Vancouver
1.
Lanssens D, Thijs IM, Dreesen P, Van Hecke A, Coorevits P, Gaethofs G, et al. Information resources among Flemish pregnant women : cross-sectional study. JMIR FORMATIVE RESEARCH. 2022;6(10).
IEEE
[1]
D. Lanssens et al., “Information resources among Flemish pregnant women : cross-sectional study,” JMIR FORMATIVE RESEARCH, vol. 6, no. 10, 2022.
@article{8772424,
  abstract     = {{Background: There has been an exponential growth in the availability of apps, resulting in increased use of pregnancy apps. However, information on resources and use of apps among pregnant women is relatively limited.
Objective: The aim of this study is to map the current information resources and the use of pregnancy apps among pregnant women in Flanders.
Methods: A cross-sectional study was conducted, using a semistructured survey (April-June 2019) consisting of four different domains: (1) demographics; (2) use of devices; (3) sources of information; and (4) use of pregnancy apps. Women were recruited by social media, flyers, and paper questionnaires at prenatal consultations. Statistical analysis was mainly focused on descriptive statistics. Differences in continuous and categorical variables were tested using independent Student t tests and chi-square tests. Correlations were investigated between maternal characteristics and the women's responses.
Results: In total, 311 women completed the entire questionnaire. Obstetricians were the primary source of information (268/311, 86.2%) for pregnant women, followed by websites/internet (267/311, 85.9%) and apps (233/311, 74.9%). The information that was most searched for was information about the development of the baby (275/311, 88.5%), discomfort/complaints (251/311, 80.7%) and health during pregnancy (248/311, 79.7%), administrative/practical issues (233/311, 74.9%), and breastfeeding (176/311, 56.6%). About half of the women (172/311, 55.3%) downloaded a pregnancy app, and primarily searched app stores (133/311, 43.0%). Pregnant women who are single asked their mothers (22/30, 73.3%) or other family members (13/30, 43.3%) for significantly more information than did married women (mother [in law]: 82/160, 51.3%, P=.02; family members: 35/160, 21.9%, P=.01). Pregnant women with lower education were significantly more likely to have a PC or laptop than those with higher education (72/73, 98.6% vs 203/237, 85.5%; P=.008), and to consult other family members for pregnancy information (30/73, 41.1% vs 55/237, 23.1%; P<.001), but were less likely to consult a gynecologist (70/73, 95.9% vs 198/237, 83.5%; P=.001). They also followed more prenatal sessions (59/73, 80.8% vs 77/237, 32.5%; P=.04) and were more likely to search for information regarding discomfort/complaints during pregnancy (65/73, 89% vs 188/237, 79.5%; P=.02). Compared to multigravida, primigravida were more likely to solicit advice about their pregnancy from other women in their social networks (family members: primigravida 44/109, 40.4% vs multigravida 40/199, 20.1%; P<.001; other pregnant women: primigravida 58/109, 53.2% vs multigravida 80/199, 40.2%; P<.03).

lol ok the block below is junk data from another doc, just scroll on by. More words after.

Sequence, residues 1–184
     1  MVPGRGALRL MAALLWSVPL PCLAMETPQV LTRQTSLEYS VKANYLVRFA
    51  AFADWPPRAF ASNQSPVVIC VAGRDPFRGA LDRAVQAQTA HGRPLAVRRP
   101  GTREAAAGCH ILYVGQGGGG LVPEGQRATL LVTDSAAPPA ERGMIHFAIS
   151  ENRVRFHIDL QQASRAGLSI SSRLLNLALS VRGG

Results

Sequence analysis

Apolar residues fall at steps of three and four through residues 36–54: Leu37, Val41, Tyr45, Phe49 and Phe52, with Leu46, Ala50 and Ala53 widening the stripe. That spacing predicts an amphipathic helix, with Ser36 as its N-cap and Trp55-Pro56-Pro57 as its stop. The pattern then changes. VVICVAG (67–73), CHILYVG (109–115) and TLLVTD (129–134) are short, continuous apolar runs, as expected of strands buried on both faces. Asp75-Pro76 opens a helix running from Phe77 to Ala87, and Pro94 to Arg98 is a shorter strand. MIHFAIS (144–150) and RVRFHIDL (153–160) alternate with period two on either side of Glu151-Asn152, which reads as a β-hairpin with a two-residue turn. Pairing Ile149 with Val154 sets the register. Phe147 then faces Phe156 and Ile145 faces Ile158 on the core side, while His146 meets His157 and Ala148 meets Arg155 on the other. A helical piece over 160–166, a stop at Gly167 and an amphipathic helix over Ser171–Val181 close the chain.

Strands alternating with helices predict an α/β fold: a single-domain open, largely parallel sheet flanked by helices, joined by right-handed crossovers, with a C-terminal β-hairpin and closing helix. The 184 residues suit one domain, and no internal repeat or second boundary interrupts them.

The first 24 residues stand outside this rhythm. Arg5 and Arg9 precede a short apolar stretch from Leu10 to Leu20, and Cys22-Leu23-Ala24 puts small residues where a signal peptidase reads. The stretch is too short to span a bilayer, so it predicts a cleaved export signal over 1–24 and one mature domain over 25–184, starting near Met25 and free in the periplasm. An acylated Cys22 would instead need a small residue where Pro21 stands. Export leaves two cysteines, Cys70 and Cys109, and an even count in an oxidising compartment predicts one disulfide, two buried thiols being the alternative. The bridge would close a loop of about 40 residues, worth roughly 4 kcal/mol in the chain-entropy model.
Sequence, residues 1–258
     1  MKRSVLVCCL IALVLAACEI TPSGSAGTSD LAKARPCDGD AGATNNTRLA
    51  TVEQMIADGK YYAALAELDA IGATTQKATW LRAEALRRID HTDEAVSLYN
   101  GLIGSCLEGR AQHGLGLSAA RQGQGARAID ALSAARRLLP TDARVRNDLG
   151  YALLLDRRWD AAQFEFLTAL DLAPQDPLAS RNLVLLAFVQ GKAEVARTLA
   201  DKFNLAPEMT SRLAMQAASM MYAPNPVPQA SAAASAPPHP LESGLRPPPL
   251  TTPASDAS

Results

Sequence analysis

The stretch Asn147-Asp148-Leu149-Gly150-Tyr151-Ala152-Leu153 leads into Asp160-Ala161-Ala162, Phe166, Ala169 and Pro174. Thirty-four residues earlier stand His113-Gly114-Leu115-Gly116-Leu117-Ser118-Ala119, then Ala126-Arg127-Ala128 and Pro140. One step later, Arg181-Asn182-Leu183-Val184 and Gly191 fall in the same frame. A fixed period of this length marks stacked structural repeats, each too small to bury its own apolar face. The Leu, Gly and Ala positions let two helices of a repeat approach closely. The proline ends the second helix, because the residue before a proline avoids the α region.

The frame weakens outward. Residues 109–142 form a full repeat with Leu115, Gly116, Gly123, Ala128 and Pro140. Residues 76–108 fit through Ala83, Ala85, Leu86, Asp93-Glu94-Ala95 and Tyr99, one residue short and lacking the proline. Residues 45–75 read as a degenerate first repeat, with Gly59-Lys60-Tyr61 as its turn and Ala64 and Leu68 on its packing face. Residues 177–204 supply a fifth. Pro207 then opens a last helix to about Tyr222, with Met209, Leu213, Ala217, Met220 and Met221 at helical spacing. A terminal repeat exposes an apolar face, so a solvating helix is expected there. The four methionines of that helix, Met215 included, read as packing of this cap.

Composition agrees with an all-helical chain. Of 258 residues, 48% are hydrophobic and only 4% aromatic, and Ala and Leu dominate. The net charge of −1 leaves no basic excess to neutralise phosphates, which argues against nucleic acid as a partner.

Conclusions: Health care professionals need to be aware that apps are important and are a growing source of information for pregnant women. Concerns rise about the quality and safety of those apps, as only a limited number of apps are subjected to an external quality check. Therefore, it is important that health care providers refer to high-quality digital resources and take the opportunity to discuss digital information with pregnant women.}},
  articleno    = {{e37866}},
  author       = {{Lanssens, Dorien and Thijs, Inge M and Dreesen, Pauline and Van Hecke, Ann and Coorevits, Pascal and Gaethofs, Gitte and Derycke, Joyce and Tency, Inge}},
  issn         = {{2561-326X}},
  journal      = {{JMIR FORMATIVE RESEARCH}},
  keywords     = {{Health Informatics,Medicine (miscellaneous)}},
  language     = {{eng}},
  number       = {{10}},
  pages        = {{9}},
  title        = {{Information resources among Flemish pregnant women : cross-sectional study}},
  url          = {{http://dx.doi.org/10.2196/37866}},
  volume       = {{6}},
  year         = {{2022}},
}